Dipping into Dover Mineral Springs


Neil Snarr - Contributing columnist



An 1893 poster for the Dover Temperance Meeting.

An 1893 poster for the Dover Temperance Meeting.


Courtesy of Neil Snarr

Before the era of air conditioning, it was common to seek an outside location for meetings where it was cool. One of those locations near Wilmington was the Dover Mineral Springs on Dover Road, about four miles north of Wilmington.

Not only was this location wooded, it was home to a much-celebrated mineral spring, and just a short walk from the Dover Friends Meeting, one of the earliest settlements in the county.

The Mineral Springs are first mentioned in the Wilmington Journal as a meeting place on August 1, 1872 and the occasion was the Clinton County Temperance Association:

“At a meeting of the Executive Committee of the Clinton County Temperance Association, it was determined to hold a TEMPERANCE MASS MEETING, at Dover Mineral Springs, on Saturday, the 10th day of August, 1872, commencing at 10 o’clock, A.M.

Ministers of the Gospel, their brethren, and all the Temperance Organizations of the County, are urgently invited to attend.”

I recently visited the springs and I have the clear impression that the spring today is nothing compared to what it was some 150 years ago. No doubt there are seasonal variations, but this spring it is simply drip, drip, drip!

Using our local newspaper as the source of information, it is clear that a most active time at the springs was during the election for governor of Ohio in 1873, and the local focus was on the Prohibition candidate, Mr. Gideon T. Stewart. A Mass Convention was to be held on September 13at Dover Mineral Springs with Mr. Stewart present.

This was big news for Clinton County!

Unfortunately, Mr. Stewart turned out to be a fraud! The Journal says the following of the man: “A man of this name is cantering over the State, like a wild Ass’ colt, professedly in the interest of Temperance and Prohibition, but really in the interest of … the Democratic party. He is a candidate for Governor without a party – a head without a tail, and but very little of the former. He addressed a mournful crowd of a few dozen, shivering with the cold, at Dover Springs, on Saturday afternoon, and at the Court House, in the evening; on both of which occasions, he made up, in malignancy and falsehood, what he evidently lacks in honesty and brains.” (He garnered just over 2 percent of the vote.)

After this disappointment, the Dover Mineral Springs continued to be the special place for the annual meetings of the local Temperance Association (see the picture of the 1893 poster advertising the annual meeting at the Dover Mineral Springs).

But it also serves several other functions. Several family reunions are announced — most often it is the Haworth-Bailey, but like other functions over time, they are moved to the Dover Church or the old school.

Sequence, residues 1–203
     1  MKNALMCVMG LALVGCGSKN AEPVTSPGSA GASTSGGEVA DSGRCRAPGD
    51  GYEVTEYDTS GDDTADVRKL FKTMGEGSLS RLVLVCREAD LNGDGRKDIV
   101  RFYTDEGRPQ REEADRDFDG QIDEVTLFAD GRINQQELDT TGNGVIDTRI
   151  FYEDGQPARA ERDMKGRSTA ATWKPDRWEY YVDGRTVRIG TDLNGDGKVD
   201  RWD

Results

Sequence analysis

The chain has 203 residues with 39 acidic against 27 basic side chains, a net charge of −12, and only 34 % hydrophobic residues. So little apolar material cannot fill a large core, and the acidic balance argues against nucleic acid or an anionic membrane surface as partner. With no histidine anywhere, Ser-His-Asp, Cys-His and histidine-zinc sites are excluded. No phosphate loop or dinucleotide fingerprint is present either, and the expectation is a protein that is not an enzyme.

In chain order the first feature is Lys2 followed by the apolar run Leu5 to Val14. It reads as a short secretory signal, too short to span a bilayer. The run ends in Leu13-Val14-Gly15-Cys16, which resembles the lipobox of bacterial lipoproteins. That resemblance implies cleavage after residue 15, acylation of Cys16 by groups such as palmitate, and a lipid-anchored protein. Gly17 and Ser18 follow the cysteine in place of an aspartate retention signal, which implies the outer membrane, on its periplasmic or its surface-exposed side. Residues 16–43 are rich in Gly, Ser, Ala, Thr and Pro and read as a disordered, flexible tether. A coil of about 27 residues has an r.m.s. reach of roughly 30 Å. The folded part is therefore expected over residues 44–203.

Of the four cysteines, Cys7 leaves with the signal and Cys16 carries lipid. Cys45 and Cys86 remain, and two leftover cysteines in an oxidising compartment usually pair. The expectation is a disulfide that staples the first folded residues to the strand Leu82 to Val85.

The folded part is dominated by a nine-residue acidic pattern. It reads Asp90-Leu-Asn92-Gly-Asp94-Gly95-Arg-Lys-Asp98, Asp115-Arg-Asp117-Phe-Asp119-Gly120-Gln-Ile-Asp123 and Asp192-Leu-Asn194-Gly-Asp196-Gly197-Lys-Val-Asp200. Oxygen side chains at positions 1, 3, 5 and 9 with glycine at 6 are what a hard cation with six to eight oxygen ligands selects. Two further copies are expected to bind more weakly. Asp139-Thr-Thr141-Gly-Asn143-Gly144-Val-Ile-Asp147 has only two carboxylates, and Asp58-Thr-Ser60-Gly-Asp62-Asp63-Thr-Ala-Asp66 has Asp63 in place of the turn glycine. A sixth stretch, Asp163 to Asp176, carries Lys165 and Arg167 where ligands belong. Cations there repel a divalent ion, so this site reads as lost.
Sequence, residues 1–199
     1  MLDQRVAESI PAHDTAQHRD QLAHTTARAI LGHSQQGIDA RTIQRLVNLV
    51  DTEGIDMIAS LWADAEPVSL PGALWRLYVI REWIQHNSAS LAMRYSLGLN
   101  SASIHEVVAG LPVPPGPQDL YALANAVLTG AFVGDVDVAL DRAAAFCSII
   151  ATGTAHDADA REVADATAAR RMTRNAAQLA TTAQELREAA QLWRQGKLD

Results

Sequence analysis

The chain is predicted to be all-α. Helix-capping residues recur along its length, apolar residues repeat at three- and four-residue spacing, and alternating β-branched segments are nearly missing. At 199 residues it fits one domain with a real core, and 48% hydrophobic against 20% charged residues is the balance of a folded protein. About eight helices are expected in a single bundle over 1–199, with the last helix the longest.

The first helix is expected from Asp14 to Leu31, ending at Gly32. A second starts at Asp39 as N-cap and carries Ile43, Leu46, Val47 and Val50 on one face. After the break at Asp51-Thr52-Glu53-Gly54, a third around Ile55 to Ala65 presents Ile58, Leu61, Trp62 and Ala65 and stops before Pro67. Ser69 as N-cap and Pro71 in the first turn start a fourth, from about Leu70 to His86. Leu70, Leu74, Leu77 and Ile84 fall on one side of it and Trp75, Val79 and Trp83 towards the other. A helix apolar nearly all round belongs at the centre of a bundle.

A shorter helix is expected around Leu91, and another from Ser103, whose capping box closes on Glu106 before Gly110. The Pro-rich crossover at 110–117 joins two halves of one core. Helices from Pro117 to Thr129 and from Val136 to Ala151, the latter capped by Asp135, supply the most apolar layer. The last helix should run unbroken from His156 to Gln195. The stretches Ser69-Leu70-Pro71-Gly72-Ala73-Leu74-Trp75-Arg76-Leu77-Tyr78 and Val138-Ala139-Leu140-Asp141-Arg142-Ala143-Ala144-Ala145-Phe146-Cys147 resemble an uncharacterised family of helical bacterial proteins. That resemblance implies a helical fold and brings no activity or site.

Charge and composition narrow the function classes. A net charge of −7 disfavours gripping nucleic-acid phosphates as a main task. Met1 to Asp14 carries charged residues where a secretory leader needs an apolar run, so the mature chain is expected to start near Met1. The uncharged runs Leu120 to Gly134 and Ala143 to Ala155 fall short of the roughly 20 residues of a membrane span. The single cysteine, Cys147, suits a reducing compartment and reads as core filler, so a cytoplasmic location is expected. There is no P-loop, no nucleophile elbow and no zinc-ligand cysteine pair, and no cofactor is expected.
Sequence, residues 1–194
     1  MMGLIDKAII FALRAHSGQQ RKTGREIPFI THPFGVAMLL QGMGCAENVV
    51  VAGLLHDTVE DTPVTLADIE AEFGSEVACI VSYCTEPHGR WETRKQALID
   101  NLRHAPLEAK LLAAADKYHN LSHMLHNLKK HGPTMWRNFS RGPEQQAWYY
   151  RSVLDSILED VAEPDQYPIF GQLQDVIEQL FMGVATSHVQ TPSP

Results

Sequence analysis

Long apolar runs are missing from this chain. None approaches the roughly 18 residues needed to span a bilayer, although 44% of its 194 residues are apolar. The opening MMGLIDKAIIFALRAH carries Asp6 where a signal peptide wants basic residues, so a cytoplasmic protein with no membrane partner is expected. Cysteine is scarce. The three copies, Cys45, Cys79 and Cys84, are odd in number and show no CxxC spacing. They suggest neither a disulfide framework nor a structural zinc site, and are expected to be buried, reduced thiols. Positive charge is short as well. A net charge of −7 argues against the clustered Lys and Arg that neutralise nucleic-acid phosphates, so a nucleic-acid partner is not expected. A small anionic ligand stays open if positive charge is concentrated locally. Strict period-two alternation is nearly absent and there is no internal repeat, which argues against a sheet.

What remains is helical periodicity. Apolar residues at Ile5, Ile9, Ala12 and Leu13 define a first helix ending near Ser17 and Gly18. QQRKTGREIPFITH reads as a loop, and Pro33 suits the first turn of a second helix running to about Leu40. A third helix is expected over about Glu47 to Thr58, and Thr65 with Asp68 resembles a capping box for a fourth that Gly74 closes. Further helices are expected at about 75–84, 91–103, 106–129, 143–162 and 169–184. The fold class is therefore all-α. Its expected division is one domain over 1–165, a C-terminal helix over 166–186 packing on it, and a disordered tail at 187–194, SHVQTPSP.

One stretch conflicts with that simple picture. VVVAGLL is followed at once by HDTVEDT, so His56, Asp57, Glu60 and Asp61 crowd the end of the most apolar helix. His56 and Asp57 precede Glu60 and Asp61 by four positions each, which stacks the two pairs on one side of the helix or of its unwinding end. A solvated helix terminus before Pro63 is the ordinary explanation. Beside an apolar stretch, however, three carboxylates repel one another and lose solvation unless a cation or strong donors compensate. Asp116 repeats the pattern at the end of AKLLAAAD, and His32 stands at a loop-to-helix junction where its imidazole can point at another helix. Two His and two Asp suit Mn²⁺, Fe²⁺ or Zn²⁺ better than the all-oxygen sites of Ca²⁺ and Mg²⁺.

Dover Mineral Springs is referred to as a mineral springs, and especially during the late part of the 19th century there is talk of its healing qualities. At the same time there is talk of it not being cared for by the owner or the community.

In 1879 a lengthy article about the spring was published which appears to be a parody, or at least with a tongue-in-cheek. It goes on extolling the merits of the mineral water (some unrealistic) and its health benefits for both man and animal and projects the possibility of it being turned into a resort, but nothing seems to have happened.

However, the Murphy movement became a theme in the late 1870s and the search for converts provided impetus to continue the meetings still at the Dover Springs location.

The idea spreads to “Sign the Pledge” which means you will not drink alcoholic beverages. For me this becomes quite personal, as I am old enough to remember signing the pledge which was popularly known as “Lips that touch mine will never touch wine!” Now that is powerful stuff!

In a June, 1877 Journal article, the success is noted, “The Murphy wave which struck Wilmington over ten days ago has neither lost its force nor power. Every meeting held since our last issue has been eminently successful. Most of those numbered to the ranks of the habitual drinkers have turned over a new leaf, signed the pledge, and are keeping it, up to this writing. There have been between twelve and fifteen hundred signatures obtained in this village alone. Last sabbath a meeting was held at Port William, when one hundred and forty signed the pledge. At Dover Springs another meeting was held on the same day, when one hundred and thirty signatures were obtained.” (January, 1877.)

The appearance of events at the Dover Mineral Springs leveled off as the 20th century proceeded – a few marriages and reunions continued. By October of 1928 the Dover Woman’s Christian Temperance Union was being held at the Dover Church and schoolhouse. The last mention of the Dover Springs as a meeting place is a “jolly picnic” for the women employed in the offices of the Clinton County Courthouse.

The final mention of the Dover Mineral Springs is reference to one of the many reunions of the Haworth-Bailey family and the location is “the Dover Church Sunday near the springs where was the first settlement of the forefathers.”

Neil Snarr is Professor Emeritus of Wilmington College.

An 1893 poster for the Dover Temperance Meeting.
https://www.wnewsj.com/wp-content/uploads/sites/22/2021/04/web1_Dover-Temperance-meeting.jpgAn 1893 poster for the Dover Temperance Meeting. Courtesy of Neil Snarr

https://www.wnewsj.com/wp-content/uploads/sites/22/2021/04/web1_Neil-Snarr-2.jpgCourtesy of Neil Snarr

Neil Snarr

Contributing columnist